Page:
A while back Chris Bigum drew my attention to the delegation of work to machines in activity. Now that my doctoral pilot study is over, I have had the time to mull over some of my data, present, and write on it.
Whilst literacies are best understood as a part of everyday social and professional practices; that is, they are always and already embedded in particular forms of social activities. Reading and writing, therefore, are best understood in the contexts of the social practices in which they find themselves. But literacy is also never separate from its technology (pencil, printing press, smartphone, etc.), so the relationship is not so asymmetrical.
When digital tools are used in traditional classrooms, and other situations, a variety of agents irrupt into our world, displacing quotidian practices; the delegation of work to a machine then becomes a key issue.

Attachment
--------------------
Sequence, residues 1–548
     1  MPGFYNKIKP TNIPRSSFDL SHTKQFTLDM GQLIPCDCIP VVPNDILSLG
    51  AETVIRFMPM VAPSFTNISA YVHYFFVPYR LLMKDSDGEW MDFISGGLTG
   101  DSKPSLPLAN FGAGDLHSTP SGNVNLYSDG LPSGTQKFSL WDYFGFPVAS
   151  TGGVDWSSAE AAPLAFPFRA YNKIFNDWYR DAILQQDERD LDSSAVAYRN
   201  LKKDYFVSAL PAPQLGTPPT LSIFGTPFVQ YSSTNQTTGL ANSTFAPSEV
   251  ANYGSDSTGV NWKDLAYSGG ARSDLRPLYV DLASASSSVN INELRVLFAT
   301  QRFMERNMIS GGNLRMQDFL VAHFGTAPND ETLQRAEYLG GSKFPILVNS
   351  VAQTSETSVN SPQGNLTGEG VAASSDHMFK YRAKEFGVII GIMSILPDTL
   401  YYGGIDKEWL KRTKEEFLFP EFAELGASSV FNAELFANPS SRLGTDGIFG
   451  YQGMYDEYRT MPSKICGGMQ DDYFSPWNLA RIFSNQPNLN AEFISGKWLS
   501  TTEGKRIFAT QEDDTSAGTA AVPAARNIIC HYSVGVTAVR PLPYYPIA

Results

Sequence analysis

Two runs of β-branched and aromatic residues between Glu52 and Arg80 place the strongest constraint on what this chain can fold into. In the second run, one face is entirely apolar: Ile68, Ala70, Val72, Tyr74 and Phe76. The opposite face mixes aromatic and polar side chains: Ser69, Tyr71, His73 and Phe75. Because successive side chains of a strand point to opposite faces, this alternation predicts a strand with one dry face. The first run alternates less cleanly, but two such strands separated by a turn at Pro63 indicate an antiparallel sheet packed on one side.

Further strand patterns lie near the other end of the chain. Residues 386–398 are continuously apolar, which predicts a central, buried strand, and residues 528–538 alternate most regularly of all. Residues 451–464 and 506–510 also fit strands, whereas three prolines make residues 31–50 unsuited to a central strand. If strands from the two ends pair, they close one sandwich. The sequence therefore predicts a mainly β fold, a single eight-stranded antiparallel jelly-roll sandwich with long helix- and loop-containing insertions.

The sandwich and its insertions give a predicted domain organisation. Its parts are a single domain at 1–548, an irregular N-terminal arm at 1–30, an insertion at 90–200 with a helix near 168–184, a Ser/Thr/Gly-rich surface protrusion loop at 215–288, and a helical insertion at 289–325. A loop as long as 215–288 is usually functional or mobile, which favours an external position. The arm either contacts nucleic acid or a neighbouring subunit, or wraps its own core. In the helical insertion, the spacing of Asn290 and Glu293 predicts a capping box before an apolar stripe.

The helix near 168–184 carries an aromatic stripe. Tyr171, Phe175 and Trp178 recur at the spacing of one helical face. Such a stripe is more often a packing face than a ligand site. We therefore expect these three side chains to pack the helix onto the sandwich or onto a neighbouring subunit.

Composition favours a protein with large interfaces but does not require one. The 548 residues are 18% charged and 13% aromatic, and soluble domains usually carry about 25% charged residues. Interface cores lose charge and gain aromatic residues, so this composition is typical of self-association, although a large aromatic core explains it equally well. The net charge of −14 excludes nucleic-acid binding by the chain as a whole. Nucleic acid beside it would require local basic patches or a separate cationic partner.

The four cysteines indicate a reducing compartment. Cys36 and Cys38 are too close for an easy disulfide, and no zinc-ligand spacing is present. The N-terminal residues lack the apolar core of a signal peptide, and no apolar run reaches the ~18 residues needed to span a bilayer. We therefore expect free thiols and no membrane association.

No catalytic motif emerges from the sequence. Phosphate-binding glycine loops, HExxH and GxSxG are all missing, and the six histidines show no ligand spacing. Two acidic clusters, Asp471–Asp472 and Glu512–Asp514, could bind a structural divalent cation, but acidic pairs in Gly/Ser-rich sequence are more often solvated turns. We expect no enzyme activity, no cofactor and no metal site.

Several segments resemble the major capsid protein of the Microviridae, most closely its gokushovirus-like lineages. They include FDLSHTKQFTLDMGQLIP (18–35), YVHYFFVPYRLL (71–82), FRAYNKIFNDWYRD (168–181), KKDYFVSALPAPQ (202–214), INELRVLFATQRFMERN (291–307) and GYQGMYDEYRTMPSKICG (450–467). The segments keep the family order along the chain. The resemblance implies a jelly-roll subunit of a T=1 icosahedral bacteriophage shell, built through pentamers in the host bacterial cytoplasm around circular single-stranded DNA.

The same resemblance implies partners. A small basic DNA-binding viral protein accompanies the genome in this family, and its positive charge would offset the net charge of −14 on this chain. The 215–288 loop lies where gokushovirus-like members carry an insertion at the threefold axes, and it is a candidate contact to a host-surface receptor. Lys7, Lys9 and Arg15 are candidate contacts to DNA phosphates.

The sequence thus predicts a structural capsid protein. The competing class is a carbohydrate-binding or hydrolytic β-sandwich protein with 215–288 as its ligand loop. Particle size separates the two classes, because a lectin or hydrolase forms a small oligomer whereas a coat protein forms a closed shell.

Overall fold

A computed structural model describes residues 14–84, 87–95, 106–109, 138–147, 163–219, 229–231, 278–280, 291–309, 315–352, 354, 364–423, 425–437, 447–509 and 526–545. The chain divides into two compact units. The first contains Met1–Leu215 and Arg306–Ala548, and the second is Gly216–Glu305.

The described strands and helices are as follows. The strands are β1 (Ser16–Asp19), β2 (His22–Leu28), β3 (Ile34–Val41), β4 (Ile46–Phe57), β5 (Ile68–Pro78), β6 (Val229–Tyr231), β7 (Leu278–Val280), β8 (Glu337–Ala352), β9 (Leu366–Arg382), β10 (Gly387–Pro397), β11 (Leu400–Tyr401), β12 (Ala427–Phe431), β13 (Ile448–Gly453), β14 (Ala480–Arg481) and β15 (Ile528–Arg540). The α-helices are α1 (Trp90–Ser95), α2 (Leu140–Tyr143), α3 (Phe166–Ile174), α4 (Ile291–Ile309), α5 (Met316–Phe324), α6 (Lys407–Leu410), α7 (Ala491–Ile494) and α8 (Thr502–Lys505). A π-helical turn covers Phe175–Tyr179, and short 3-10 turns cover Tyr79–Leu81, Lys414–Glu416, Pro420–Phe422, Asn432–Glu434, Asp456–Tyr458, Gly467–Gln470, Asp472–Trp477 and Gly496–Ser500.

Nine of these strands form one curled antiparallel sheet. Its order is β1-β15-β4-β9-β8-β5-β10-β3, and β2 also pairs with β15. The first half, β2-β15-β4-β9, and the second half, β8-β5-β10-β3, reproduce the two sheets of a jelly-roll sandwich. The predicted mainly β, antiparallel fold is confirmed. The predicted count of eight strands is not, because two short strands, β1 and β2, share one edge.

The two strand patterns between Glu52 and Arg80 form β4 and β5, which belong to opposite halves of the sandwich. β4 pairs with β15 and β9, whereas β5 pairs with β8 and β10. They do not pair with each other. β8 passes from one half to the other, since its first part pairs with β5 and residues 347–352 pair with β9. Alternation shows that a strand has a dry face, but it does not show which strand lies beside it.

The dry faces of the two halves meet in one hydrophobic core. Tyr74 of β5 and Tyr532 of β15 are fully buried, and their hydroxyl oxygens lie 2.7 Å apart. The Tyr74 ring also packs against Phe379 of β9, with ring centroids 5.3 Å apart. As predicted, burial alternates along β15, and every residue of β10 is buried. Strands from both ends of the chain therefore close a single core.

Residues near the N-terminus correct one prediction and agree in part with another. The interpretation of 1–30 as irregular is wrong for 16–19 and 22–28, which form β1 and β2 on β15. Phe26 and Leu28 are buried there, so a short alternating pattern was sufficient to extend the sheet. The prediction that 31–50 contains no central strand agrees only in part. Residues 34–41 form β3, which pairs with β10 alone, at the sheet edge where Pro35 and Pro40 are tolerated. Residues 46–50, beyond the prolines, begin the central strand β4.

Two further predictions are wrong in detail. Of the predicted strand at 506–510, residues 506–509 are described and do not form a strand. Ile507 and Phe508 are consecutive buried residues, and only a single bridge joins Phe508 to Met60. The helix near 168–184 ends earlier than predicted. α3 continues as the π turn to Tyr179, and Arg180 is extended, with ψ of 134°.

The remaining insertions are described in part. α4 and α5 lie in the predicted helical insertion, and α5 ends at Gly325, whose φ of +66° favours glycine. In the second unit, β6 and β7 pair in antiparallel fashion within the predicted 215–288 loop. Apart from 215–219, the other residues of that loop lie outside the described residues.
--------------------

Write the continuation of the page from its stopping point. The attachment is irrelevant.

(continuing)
Search engines, for example, exert force: they can limit or expand the scope of a writer’s choices when browsing for research purposes. Writers can and will be influenced heavily by choices thrown up at them by, for example, Google’s search engine algorithms, which are based on a continuously developing artificial intelligence system. A student’s essay, therefore, will subsequently be shaped by what the algorithms ‘think’ she was searching for.